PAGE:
to the nursing home, leaves the rest with Nancy.
Nancy says Gary asked her to keep it for him
but did not believe he meant to give it to her.
(Return to Sender, 1962) John and his mother,
Rebecca Tate, arrive in Cedar Rapids and take
Gary and Nell to California late in 1978 without
notifying Nancy. Gary takes with him the memorabilia
he has in the nursing home, including gold rings,
a gold bracelet and a Rolex watch, all given
to him by Elvis. The rest remains with Nancy.
(Kissin’ Cousins, 1964)
Act III. Scene II.
Place: Cedar Rapids and Long Beach, Calif.
Gary dies in California on March 29, 1980,
and Nell dies Dec. 29, 1982. Nancy sees a copy
of an obituary, but there is no contact between
her and the Tates.
Act III. Scene III.
Place: Des Moines. Time: 1980s.
Nancy gives the Presley memorabilia to her
sister, Janet “Jenny” Jorgensen of Des Moines.
Jenny believes that it is a gift and that she
owns it. (Playing for Keeps, 1956)
Act III. Scene IV.
Place: Des Moines. Time: 2009 to present.
Jenny decides to sell the collection in 2009
and transfers it to a family partnership, the
Pease Family Partnership. It then is sent to
an auction house in Chicago, where the proposed
sale is widely noted. One person who notes it
is Rebecca Bishop, a niece of John Tate. (Suspicious
Minds, 1969) Tate and his sister, Norma Deeble
(Rebecca’s mother), seek to stop the auction
and recover the collection for Gary’s heirs.
The federal court in Illinois lets it continue
but orders the auction house to keep all proceeds
in escrow. In all, 181 items are sold, bringing
in $250,465. (When My Blue Moon Turns to Gold
Again, 1956) That includes $5,000 for “a large
quantity of Elvis’ hair that was cut for his
Army tour of duty” and $600 for a “set of Elvis’s
concert-used handkerchiefs” as well as $1,400
for “two dried white roses from Elvis’ funeral.”
(One Broken Heart for Sale, 1963)
The case is then transferred to federal district
court for the southern district of Iowa, in
Des Moines, and assigned to senior district
judge Ron Longstaff. The court grants summary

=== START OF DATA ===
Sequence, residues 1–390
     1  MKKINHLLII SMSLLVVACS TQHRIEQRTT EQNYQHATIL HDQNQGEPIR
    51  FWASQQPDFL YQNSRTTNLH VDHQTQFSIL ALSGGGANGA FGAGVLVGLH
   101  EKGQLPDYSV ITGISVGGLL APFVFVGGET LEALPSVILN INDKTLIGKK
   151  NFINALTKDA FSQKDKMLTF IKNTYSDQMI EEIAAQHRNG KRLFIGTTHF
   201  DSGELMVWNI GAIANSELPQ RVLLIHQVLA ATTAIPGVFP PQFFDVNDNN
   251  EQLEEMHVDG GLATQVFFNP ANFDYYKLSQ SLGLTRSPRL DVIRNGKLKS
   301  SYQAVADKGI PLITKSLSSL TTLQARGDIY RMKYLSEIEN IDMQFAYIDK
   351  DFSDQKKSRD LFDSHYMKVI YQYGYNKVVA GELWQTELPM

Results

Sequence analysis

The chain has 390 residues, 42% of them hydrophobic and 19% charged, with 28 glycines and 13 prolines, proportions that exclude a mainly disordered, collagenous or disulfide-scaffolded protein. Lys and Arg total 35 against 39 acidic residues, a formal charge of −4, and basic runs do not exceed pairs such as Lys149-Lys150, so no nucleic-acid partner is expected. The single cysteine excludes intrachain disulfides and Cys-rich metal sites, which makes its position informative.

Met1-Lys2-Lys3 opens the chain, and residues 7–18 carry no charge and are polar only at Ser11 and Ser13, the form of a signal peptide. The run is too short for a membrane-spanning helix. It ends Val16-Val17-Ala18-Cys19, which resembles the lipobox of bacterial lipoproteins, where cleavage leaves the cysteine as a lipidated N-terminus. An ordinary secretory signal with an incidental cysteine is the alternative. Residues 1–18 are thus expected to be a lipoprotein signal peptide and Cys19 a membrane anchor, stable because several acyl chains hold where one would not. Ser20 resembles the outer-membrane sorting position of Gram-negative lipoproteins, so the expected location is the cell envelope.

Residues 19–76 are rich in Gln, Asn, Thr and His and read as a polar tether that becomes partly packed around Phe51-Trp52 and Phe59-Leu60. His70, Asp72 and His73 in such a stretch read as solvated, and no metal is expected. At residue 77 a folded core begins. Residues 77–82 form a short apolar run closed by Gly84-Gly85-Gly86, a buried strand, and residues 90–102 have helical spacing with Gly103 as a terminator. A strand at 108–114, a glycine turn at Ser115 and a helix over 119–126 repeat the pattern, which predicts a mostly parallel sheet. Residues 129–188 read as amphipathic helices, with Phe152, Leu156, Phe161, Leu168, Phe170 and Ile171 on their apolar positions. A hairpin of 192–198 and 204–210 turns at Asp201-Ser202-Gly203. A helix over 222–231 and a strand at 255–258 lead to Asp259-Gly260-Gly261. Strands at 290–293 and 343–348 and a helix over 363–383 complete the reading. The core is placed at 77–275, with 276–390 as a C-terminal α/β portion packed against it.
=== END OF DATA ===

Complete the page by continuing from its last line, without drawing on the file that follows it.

judgment in favor of Nancy Whitehead and the
Pease Family Partnership, saying the statute
of limitations has run out. (There Goes My Everything,
The estates of Gary and Nell then appeal to
the 8th Circuit Court in St. Louis. A three-judge
panel, including Steve Colloton of Des Moines,
overturns that decision, saying the case has
“genuine issues of fact” and should be determined
by a jury. It sends the case back to district
(There’ll be Peace in the Valley, 1957) …
Iowa lost 2,100 jobs in the latest month, compared
with a month before. Nonfarm employment stood
at 1,508,700 in June, compared with 1,510,800
a month before. When Terry Branstad took office
in January of 2011, the number was 1,488,100,
according to the nonpartisan Legislative Services
Agency. He promised to create 200,000 jobs in
five years. The total has gone up 22,700 in
a year and a half. He has 187,300 to go.
The state is awash in money. Net receipts in
July, the first month of the new fiscal year,
totaled $378.3 million, up nearly 24 percent
from a year earlier. Part of the increase is
due to timing, but better times also accounted
for some. The take from personal income taxes
rose 5.9 percent, from sales taxes rose 9.6
percent and from corporate taxes rose 101 percent.
The Senate last week went home for a few weeks
without acting on some judicial nominations,
including that of Stephanie Rose to be a federal
district judge in Des Moines. But her name is
expected to be the first taken up when the Senate
returns Sept. 10. She is expected to be confirmed
with little difficulty. ...
Life’s little ironies: As Skinny has reported,
the state will be moving into the building Wellmark
vacated at Sixth and Locust streets. The building
is owned by the Ruans, whose Carrier Insurance
Co. was the largest insurance insolvency in
Iowa history. Among the new tenants: the state
insurance division. CV